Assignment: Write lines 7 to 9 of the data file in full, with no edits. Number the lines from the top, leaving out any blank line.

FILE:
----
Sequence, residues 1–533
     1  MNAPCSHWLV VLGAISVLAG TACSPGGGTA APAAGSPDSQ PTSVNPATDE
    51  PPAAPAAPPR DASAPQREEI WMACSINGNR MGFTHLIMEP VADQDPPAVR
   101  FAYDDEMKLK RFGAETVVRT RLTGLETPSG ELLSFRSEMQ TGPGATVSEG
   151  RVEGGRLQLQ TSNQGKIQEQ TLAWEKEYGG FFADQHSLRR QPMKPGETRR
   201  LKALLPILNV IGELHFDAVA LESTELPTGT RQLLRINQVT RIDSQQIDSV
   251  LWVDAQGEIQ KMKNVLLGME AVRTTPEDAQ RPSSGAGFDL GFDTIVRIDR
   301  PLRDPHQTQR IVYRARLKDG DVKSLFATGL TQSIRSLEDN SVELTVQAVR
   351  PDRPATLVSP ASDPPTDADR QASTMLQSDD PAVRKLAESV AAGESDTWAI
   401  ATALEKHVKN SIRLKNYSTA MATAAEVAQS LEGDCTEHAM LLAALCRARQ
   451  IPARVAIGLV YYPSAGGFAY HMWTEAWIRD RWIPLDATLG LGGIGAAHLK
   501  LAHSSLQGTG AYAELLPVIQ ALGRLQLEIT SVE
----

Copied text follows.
   251  LWVDAQGEIQ KMKNVLLGME AVRTTPEDAQ RPSSGAGFDL GFDTIVRIDR
   301  PLRDPHQTQR IVYRARLKDG DVKSLFATGL TQSIRSLEDN SVELTVQAVR
   351  PDRPATLVSP ASDPPTDADR QASTMLQSDD PAVRKLAESV AAGESDTWAI